A layer of mulch on a planting bed helps suppress weeds, retain moisture, and moderate soil temperature. This Old House landscaping
contractor Roger Cook recommends that planting beds be dressed in no more than three inches of mulch; lay down one inch a
year, he says, then strip the beds every three years and start over. This keeps mulch from building up too deep, which prevents
water and nutrients from reaching the roots. Since there's so much variation in coverage rates, you'll need to be sure to
check the instructions on the seed you're buying to make sure you have enough. Some products require a pound for every 200
square feet of lawn; others will cover 1,000 square feet with just one pound of seed. Most coverage is expressed in a range,
such as 350 to 500 square feet per pound (or about 2 to 3 pounds per 1,000 square feet). Always use the rate that provides
the heaviest coverage if you're seeding a new lawn, and the lower rate if you're overseeding an existing lawn.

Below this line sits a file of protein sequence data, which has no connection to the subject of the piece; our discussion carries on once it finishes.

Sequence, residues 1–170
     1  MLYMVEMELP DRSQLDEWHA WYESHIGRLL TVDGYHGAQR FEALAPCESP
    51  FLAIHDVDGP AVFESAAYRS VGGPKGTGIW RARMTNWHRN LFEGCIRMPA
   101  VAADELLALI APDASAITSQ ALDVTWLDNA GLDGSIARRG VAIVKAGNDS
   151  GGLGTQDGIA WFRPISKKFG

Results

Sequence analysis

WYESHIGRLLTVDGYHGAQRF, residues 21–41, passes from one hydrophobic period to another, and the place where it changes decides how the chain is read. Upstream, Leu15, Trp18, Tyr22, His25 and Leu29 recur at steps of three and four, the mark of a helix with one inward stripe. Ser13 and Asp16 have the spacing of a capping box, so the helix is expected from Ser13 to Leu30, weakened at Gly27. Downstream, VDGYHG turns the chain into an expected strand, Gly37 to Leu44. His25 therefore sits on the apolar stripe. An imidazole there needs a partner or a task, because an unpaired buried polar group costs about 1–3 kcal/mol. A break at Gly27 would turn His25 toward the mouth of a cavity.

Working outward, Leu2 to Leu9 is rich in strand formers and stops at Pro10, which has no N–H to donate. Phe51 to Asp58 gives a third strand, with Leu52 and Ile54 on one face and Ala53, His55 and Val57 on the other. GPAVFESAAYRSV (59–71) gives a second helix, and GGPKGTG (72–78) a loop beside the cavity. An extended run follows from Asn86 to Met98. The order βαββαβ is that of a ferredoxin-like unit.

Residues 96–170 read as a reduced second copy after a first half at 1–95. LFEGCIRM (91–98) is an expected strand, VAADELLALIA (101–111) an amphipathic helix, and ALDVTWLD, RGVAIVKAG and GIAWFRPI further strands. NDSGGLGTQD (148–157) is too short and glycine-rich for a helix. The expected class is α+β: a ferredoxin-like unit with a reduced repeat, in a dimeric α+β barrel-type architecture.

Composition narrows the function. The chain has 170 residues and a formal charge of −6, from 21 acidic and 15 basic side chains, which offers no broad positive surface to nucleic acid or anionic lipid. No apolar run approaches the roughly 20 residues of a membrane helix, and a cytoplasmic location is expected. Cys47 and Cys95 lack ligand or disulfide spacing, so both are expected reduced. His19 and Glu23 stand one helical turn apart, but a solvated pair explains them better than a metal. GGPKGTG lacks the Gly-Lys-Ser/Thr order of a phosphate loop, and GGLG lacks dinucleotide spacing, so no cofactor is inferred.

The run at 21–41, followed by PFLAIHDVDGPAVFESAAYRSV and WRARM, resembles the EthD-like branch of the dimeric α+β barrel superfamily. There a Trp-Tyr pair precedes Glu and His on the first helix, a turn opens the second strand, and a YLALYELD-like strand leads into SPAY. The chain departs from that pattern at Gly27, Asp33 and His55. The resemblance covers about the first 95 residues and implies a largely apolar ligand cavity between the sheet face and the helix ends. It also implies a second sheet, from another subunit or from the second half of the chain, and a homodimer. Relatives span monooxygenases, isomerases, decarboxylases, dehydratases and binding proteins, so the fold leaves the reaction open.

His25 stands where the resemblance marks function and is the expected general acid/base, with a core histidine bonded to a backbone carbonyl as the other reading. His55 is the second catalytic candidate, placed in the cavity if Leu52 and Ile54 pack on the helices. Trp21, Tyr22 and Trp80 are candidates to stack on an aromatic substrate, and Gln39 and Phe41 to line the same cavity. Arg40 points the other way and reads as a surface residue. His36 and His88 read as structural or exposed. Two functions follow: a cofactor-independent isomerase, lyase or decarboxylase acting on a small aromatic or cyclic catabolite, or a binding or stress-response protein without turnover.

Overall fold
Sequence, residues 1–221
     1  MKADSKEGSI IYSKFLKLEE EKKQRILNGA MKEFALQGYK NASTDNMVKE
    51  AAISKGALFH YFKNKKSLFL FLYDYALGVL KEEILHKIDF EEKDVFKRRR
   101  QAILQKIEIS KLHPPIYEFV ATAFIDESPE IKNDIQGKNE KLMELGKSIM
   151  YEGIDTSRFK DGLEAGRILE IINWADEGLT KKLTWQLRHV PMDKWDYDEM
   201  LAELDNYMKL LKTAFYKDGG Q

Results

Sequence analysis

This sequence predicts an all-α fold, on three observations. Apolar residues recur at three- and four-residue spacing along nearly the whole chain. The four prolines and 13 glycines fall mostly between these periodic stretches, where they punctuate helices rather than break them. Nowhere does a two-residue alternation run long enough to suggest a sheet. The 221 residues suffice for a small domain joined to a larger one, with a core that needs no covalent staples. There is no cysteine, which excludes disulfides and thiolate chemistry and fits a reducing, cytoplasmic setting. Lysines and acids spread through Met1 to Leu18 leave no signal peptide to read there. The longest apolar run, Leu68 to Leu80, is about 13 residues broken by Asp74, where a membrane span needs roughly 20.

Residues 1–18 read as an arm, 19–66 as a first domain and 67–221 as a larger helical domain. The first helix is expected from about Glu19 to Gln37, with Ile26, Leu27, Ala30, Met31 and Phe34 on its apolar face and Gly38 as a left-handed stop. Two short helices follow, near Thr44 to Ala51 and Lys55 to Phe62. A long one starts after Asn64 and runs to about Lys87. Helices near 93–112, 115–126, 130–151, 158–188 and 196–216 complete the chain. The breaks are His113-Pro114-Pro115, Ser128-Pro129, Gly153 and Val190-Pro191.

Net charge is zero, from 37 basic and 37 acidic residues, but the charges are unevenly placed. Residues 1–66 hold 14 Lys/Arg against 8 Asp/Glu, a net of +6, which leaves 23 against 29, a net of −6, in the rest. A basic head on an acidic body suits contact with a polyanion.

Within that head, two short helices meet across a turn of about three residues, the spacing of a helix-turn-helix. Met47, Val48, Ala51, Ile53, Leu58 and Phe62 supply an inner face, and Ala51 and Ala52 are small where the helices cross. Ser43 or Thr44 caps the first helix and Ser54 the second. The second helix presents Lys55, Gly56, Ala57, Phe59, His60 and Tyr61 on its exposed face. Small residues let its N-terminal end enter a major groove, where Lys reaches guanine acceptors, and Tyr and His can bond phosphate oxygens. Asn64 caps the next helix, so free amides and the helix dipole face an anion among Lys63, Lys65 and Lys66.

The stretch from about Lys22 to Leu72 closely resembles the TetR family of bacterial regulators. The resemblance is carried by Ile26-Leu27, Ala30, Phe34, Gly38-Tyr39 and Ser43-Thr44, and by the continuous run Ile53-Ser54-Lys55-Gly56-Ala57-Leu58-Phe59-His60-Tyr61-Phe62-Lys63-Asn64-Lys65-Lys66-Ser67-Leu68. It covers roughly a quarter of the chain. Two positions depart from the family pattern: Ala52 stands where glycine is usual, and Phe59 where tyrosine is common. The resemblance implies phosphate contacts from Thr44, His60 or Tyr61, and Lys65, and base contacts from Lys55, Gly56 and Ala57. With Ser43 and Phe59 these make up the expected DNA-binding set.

It takes a surprising amount of mulch to dress a bed properly, so use this calculator before you head to the garden center.
First you'll need to estimate the number of square feet to be covered. In a regular, rectangular bed, that's simply length
times width: a 6-foot by 6-foot bed is 36 square feet. In an irregularly shaped bed, or for multiple small beds, you'll need
to add up the areas of all the sections to be mulched.
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